Moreover, out of the few dozen commercial spaces they DO have, only TWO are in use for retail. A couple more are dedicated to admin offices for the development companies. And the rest are empty, with absurd asking prices.

My problem with the 5-over-1s isn't *just* the aesthetics. It's that they're outgrowths of a top-down ethos that treats this housing crisis as a purely speculative venture: just an opportunity to ask for a higher price at the expense of the actual neighborhoods they're plopped down in. I've only ever seen these places work when they give up on their delusions of grandeur and profit, and simply create space for the neighborhood to make its own decisions about how to use their ground floors.

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One fallacy I have noticed in arguments for traditional (vs. modern/Codified) construction practices is that said arguments treat the costs and value propositions of modern requirements, such as accessibility and fire sprinklers, as immutable.

This, though, is not the case. For instance, the upfront costs of a fire sprinkler system are influenced by auxiliary Code clauses, such as those governing supervision and backflow prevention. Furthermore, the use of complementary construction details, such as an unvented attic, can prevent common failures and thus enhance the value a fire sprinkler system provides without adding substantial costs of their own.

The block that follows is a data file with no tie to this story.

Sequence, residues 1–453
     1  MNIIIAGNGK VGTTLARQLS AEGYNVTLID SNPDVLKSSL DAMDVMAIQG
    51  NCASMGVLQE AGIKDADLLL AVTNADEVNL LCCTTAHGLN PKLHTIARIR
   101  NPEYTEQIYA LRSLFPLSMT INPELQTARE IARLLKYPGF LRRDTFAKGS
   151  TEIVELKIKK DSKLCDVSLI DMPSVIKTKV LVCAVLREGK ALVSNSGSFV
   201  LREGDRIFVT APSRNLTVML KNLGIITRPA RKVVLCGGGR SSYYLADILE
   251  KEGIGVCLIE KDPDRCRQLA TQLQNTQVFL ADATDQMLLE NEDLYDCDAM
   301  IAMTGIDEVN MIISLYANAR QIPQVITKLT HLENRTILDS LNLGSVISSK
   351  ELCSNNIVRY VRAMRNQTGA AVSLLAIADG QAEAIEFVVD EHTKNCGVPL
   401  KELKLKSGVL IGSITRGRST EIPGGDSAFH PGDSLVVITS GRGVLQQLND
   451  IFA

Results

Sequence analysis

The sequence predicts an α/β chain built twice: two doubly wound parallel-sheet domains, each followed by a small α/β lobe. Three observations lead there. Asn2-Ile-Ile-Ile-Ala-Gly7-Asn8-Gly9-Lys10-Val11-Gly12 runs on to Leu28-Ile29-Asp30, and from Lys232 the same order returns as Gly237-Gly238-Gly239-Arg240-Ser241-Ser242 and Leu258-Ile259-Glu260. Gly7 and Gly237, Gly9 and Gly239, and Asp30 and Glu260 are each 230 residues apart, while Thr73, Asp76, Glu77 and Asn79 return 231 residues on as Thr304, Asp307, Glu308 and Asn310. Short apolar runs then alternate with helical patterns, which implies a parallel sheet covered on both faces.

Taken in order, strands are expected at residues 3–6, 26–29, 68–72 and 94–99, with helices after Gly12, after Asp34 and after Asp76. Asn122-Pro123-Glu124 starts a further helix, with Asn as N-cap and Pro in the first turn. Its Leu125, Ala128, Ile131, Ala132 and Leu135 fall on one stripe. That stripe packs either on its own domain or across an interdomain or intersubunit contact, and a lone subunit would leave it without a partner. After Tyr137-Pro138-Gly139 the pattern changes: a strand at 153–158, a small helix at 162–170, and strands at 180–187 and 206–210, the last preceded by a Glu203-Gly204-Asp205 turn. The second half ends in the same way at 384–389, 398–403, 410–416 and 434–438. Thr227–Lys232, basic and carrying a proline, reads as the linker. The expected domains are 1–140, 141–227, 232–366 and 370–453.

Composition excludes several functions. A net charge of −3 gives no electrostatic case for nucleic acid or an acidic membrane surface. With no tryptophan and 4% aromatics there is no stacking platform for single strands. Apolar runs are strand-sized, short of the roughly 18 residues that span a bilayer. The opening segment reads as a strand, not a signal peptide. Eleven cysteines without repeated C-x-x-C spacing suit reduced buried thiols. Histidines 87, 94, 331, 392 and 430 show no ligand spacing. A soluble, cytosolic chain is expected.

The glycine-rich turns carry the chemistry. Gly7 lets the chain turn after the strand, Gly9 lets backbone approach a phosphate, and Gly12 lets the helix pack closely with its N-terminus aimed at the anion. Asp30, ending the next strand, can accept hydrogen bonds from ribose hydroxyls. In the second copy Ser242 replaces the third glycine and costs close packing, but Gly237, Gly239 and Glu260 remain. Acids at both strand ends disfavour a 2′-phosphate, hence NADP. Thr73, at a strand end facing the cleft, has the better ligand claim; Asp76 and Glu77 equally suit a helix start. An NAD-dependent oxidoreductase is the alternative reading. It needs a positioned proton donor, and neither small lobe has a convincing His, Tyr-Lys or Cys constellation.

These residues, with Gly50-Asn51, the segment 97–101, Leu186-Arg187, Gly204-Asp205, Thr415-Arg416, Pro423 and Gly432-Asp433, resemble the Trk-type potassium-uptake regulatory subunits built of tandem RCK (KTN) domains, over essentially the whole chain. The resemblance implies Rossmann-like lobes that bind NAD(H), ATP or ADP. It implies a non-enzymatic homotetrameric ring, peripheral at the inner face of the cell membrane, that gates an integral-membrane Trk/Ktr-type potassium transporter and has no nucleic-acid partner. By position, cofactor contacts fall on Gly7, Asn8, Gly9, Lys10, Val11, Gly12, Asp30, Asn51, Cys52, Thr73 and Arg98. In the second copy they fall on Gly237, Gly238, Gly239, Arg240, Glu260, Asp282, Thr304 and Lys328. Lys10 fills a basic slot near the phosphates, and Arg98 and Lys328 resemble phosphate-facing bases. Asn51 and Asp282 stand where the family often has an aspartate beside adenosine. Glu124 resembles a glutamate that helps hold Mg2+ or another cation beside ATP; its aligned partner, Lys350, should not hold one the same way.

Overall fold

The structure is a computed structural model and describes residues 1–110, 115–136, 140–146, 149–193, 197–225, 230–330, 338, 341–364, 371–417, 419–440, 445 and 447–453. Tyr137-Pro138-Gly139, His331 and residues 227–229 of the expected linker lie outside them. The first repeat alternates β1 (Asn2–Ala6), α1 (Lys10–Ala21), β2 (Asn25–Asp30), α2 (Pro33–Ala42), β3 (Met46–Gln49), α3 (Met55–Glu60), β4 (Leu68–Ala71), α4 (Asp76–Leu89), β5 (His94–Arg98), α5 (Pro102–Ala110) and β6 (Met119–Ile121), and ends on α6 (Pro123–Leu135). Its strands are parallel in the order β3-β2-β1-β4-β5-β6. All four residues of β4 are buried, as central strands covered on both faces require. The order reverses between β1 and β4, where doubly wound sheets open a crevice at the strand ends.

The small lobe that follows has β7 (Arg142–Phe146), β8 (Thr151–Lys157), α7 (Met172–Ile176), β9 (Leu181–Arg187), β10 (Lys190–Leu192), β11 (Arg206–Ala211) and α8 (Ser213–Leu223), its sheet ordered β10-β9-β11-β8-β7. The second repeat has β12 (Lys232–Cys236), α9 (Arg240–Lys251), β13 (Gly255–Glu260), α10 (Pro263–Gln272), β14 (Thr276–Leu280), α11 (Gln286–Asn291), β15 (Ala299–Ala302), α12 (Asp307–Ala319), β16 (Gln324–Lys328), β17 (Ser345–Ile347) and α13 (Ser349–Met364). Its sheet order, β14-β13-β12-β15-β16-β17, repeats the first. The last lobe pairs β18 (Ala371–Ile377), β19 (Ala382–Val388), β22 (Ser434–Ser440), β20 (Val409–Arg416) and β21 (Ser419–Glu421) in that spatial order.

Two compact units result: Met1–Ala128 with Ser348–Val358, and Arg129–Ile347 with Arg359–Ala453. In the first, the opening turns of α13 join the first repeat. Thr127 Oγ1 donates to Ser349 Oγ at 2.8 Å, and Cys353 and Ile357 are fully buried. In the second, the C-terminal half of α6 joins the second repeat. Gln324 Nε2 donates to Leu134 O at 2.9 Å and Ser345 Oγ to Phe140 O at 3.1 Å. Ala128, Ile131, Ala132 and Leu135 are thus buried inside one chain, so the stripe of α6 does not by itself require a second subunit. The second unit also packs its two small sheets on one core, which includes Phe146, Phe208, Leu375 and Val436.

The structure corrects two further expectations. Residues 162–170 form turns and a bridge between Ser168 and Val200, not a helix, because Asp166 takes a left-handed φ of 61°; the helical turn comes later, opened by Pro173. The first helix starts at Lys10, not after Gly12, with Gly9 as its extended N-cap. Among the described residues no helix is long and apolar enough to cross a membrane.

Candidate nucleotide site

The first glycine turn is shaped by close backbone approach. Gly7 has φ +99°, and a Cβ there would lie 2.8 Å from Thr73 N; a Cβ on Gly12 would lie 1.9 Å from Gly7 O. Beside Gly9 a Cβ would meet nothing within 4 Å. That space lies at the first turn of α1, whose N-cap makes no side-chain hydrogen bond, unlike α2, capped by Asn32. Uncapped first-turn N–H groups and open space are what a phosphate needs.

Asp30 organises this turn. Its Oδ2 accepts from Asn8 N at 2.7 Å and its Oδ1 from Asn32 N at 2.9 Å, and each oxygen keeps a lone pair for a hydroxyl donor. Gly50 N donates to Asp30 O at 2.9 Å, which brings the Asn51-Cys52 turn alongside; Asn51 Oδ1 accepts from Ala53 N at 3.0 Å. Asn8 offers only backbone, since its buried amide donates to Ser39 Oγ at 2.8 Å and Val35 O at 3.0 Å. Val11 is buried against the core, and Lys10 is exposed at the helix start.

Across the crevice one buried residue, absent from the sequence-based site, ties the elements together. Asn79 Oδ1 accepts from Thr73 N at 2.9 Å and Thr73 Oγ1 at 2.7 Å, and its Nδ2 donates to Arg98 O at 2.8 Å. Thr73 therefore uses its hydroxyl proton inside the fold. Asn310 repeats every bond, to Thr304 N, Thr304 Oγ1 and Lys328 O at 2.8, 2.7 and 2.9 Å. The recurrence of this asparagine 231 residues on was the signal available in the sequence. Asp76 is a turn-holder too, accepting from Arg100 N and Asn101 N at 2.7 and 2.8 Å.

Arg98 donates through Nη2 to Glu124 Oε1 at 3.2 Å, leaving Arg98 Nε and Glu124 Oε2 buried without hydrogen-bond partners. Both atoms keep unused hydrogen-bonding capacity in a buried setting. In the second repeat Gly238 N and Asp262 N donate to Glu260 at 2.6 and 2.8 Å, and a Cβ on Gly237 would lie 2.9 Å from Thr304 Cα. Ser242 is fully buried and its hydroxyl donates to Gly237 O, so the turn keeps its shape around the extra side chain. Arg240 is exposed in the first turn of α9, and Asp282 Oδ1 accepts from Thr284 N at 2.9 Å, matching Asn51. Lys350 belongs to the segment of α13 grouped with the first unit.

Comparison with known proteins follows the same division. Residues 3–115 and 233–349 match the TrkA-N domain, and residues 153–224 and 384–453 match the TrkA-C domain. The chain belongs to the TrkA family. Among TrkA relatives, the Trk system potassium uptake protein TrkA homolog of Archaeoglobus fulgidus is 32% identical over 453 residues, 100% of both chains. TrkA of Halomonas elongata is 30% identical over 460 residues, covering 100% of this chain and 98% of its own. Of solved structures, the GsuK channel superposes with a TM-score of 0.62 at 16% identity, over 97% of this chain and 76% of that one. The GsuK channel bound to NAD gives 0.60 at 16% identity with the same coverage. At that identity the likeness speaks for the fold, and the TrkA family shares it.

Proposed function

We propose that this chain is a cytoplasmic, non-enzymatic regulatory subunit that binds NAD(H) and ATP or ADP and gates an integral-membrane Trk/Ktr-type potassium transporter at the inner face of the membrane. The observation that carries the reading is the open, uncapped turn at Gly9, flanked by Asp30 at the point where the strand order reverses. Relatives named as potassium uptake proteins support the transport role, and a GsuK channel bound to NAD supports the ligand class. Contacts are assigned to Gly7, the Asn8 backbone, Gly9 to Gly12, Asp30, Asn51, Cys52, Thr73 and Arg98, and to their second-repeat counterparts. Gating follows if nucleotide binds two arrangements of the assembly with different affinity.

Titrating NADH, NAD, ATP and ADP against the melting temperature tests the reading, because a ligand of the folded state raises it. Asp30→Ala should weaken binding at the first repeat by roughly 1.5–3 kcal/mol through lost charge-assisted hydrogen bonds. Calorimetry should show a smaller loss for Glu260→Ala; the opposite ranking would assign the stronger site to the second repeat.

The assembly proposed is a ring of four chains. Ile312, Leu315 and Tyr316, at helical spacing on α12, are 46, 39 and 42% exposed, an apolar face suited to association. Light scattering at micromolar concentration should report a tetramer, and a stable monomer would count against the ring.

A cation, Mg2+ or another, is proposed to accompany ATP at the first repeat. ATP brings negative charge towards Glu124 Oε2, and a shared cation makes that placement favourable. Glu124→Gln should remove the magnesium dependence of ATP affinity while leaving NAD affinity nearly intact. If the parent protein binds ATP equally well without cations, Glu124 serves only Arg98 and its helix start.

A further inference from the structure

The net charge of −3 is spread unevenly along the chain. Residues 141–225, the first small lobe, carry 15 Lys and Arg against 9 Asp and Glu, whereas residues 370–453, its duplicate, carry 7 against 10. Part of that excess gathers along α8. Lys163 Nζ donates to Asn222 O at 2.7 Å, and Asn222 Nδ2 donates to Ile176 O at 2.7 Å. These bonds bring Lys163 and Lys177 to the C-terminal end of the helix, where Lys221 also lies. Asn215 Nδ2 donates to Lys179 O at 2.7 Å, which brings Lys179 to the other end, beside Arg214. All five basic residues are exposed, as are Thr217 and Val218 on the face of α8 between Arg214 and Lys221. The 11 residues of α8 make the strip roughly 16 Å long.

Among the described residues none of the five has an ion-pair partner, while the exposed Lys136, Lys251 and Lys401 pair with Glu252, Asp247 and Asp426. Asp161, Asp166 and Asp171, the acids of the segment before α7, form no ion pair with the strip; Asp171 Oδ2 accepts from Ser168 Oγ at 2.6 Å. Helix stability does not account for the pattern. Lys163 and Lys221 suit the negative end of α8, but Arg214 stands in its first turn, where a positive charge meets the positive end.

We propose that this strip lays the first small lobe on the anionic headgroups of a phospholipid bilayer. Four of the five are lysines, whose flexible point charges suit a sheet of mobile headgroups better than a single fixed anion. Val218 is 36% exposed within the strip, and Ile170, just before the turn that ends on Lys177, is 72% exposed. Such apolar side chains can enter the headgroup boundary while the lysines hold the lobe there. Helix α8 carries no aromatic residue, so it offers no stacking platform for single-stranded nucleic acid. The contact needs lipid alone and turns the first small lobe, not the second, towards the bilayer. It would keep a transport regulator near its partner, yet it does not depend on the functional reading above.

Is there something I am missing with this idea that we can scale modern systems to the constraints of traditional-scale buildings instead of foregoing them altogether?

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I've always been a huge neon sign fan, the older the better. I enjoyed the pictures, thank-you! I've always found the ma and pa food joints superior to the mass food industry. We have ONE, looks like a trailer when you drive by, but the food is amazing!

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Mahalo for this great post!